The Breakdown: Why Re-Use Existing Buildings?

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old town community illustration

By the end of the decade, we will see 1.3 million new homes and 550,000 newly built units in the United States every year. Add in all of the commercial buildings, and that amounts to plenty of new real estate. But what if we opted to reuse existing buildings rather than construct new ones? Read on to learn more about the case for real estate recycling.

It’s makes less environmental impact

There’s a perception that new buildings are greener because they’re built in a much more eco-savvy time. It’s true that modern buildings are generally more energy-efficient and made from more sustainable materials, but this doesn’t tell the complete story. Innovative research from the National Trust for Historic Preservation found reusing buildings is almost always much more environmentally friendly than demolishing old buildings and constructing new ones of comparable size.

It can take up to 80 years for a new energy-efficient building to offset the environmental impact of its construction. It takes between 20 and 30 years to offset these carbon emissions in most cases.

Much can also be done to make existing buildings greener. For example, it’s possible to add solar panels, apply low VOC paints, as well as install rainwater tanks. Retrofitting just one percent of Portland’s office buildings and homes over the next decade would bring its county 15 percent closer to its CO2 reduction targets.

It can create new jobs

In February 2014, unemployment in the United States reached 6.7 percent. That’s nearly a full percentage point higher than the 5.83 percent average we’ve seen between 1948 and 2014. With so many people out of work, the boost to employment reusing old buildings provides is important to consider.

While construction of new buildings creates jobs, rehabilitating old buildings creates 50 percent more. Over the last 32 years, historic rehabilitation has created two million American jobs. These jobs range from construction of strurdier support structures, to engineering according to updated codes, to electricians and plumbers needed to re-wiring and re-plumbing of these buildings, to administrative staff to manage the projects, and beyond.  Just think how many new positions would result if the practice was more widespread.

It can rejuvenate a city

Historical buildings have a special place in the hearts of Americans, connected to a sense of history and shared heritage. Because of this, revitalizing a building can do more than just breathe new life into the bricks and mortar. It can actually rejuvenate an entire city just in the way its citizens feel about living there.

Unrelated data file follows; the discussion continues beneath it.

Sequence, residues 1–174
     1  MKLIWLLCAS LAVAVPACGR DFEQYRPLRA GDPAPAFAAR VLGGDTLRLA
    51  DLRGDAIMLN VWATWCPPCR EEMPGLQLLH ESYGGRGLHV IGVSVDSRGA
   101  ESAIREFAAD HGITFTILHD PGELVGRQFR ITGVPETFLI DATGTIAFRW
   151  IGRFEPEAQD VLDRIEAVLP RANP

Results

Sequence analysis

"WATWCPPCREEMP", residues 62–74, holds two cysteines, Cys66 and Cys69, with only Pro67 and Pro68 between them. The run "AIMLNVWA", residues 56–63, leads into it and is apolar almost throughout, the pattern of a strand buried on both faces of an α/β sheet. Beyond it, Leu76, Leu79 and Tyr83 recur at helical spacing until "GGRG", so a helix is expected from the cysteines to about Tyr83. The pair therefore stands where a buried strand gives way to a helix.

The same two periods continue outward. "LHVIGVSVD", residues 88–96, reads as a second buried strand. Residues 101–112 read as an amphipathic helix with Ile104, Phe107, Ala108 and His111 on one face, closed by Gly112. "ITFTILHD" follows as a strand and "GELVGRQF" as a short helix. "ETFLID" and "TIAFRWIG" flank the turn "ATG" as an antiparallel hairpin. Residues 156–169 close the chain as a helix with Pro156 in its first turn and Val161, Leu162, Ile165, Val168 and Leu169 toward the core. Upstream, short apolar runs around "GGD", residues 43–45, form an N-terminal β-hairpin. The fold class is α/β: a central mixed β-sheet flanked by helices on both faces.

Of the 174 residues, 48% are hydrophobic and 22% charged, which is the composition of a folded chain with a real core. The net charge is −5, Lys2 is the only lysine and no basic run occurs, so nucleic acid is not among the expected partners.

And on a surface level, older buildings offer a more varied look to a city street and layout. They hold character and architectural craft that gives a city and communities a sense of place, and personality. There are lots of examples of this we can point to today.

San Francisco Ferry Building

Consider the case of the San Francisco Ferry Building. It was a transport hub when it opened in 1898, but fell out of favor once the Bay and Golden Gate Bridges opened in the ’30s. By the ’50s, cars were the transport of choice and the Ferry Building seemed obsolete. It was cast into the background when the Embarcadero Freeway was built across its face in 1957.

San Francisco Ferry Building

San Francisco Ferry Building, 2008 (image:JaGa)

Yet when an earthquake damaged the road 35 years later, San Francisco got the chance to see the Ferry Building and its potential once again. After major restoration, it reopened in 2003. Today, 10,000 commuters pass through and tens of thousands more flock to its famous farmers market every week. In 2010, the American Planning Association named it one of 30 Great Places across the United States.

Restoration in your city

As the world embraces green living, it makes a lot of sense to restore heritage buildings, or re-imagine their use,  rather than tear them down. The presence of historic buildings can help build a sense of community, and empower citizens to take other actions that are positive to their environment as a whole to help sustain their sense of belonging in a place they call their home.

What buildings in your city do you cherish, and why?

What are some ways you can think of where you live in re-using older buildings rather than tearing them down?

Tell us about it in the comments section.

 

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Rob Jones

Rob served as Editor-In-Chief of BuildDirect Blog: Life At Home from 2007-2016. He is a writer, Dad, content strategist, and music fan.